3. However, the word is translated heart only 25 times in the NIV (2 of which are translated from different words).  Another word is used in 13 cases (4 times it uses hearts).  The original biblical pattern is destroyed.
        1. “I devoted myself to study…” (Ecclesiastes 1:13)
        2. “…I have experienced much of wisdom…” (Ecclesiastes 1:16)
        3. “…my mind still guiding me with wisdom…” (Ecclesiastes 2:3); mind is used to replace heart several times
        4. “…anxious striving…”  (Ecclesiastes 2:22) to replace “vexation of his heart” in KJB
        5. “I also thought” (Ecclesiastes 3:18) to replace “I said in mine heart” in KJB
        6. “So I reflected on all this” (Ecclesiastes 9:1) to replace “For all this I considered in my heart” in KJB
    6. Long Complex Sentences in the New Testament
      1. The Greek text often has long, complex sentences with clause on top of clause.
      2. EXAMPLE:  Hebrews 1:1-4
        1. Greek New Testament: 1 sentence
        2. King James Bible: 1 sentence
        3. New International Version: 3 sentences
        4. Contemporary English Version: 6 sentences
        5. New International Readers Version: 13 sentences


  1. Going by Feeling
    1. Many people want a Bible that makes them feel good or smart; they want to be able to choose the bible that they like.  It does not matter if it is what God said or not.  They think that the choice should be theirs.
    2. Genesis 27:21 And Isaac said unto Jacob, Come near, I pray thee, that I may feel thee, my son, whether thou be my very son Esau or not.             22 And Jacob went near unto Isaac his father; and he felt him, and said, The voice is Jacob's voice, but the hands are the hands of Esau. 23 And he discerned him not, because his hands were hairy, as his brother Esau's hands: so he blessed him.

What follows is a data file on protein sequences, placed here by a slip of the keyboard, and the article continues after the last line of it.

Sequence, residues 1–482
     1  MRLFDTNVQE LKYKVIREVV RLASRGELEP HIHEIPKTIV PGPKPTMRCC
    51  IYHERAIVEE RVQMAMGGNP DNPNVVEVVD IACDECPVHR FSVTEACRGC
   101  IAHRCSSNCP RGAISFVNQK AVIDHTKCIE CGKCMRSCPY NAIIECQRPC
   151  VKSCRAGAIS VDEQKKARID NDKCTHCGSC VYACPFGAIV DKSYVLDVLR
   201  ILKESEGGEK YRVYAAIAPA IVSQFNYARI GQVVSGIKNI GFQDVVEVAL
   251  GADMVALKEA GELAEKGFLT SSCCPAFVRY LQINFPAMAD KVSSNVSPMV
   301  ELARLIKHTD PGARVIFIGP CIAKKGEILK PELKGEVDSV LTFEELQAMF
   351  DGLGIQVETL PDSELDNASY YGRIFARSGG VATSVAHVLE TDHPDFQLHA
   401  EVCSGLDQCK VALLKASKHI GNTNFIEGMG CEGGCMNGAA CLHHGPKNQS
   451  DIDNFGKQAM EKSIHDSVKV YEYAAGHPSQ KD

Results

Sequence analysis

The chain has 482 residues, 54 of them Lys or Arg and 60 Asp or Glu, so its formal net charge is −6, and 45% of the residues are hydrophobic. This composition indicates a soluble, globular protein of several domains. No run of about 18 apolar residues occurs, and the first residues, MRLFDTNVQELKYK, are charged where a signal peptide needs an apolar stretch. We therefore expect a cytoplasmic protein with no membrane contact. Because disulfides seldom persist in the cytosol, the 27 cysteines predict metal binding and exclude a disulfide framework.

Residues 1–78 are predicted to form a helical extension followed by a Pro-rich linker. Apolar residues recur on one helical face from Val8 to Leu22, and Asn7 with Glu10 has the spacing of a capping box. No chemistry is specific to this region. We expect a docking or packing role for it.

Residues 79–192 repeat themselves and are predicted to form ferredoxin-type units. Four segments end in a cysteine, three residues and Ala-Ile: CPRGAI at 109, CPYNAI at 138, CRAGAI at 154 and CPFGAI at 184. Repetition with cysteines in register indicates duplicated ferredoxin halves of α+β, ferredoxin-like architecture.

2. Rejecting God’s Voice
    1. Many people do not want the Lord to speak plainly to them; they want a translation that softens the edges of God’s truth so that it does not hurt as much.
    2. Deuteronomy 5:22 These words the LORD spake unto all your assembly in the mount out of the midst of the fire, of the cloud, and of the thick darkness, with a great voice: and he added no more. And he wrote them in two tables of stone, and delivered them unto me. 23 ¶ And it came to pass, when ye heard the voice out of the midst of the darkness, (for the mountain did burn with fire,) that ye came near unto me, even all the heads of your tribes, and your elders;             24 And ye said, Behold, the LORD our God hath shewed us his glory and his greatness, and we have heard his voice out of the midst of the fire: we have seen this day that God doth talk with man, and he liveth.             25 Now therefore why should we die? for this great fire will consume us: if we hear the voice of the LORD our God any more, then we shall die.             26 For who is there of all flesh, that hath heard the voice of the living God speaking out of the midst of the fire, as we have, and lived?             27 Go thou near, and hear all that the LORD our God shall say: and speak thou unto us all that the LORD our God shall speak unto thee; and we will hear it, and do it.
  1. Have you accepted God’s word as the truth—whether you understand or not; whether you obey it or not?  Are you determined to let God be true and every man a liar?
  2. Are you willing to listen to God’s voice in the plain sense in which He wrote it?  Are you willing to respond to the harsh truth of God?
David Reagan

Daily Proverb

Proverbs 23:11

For their redeemer is mighty; he shall plead their cause with thee.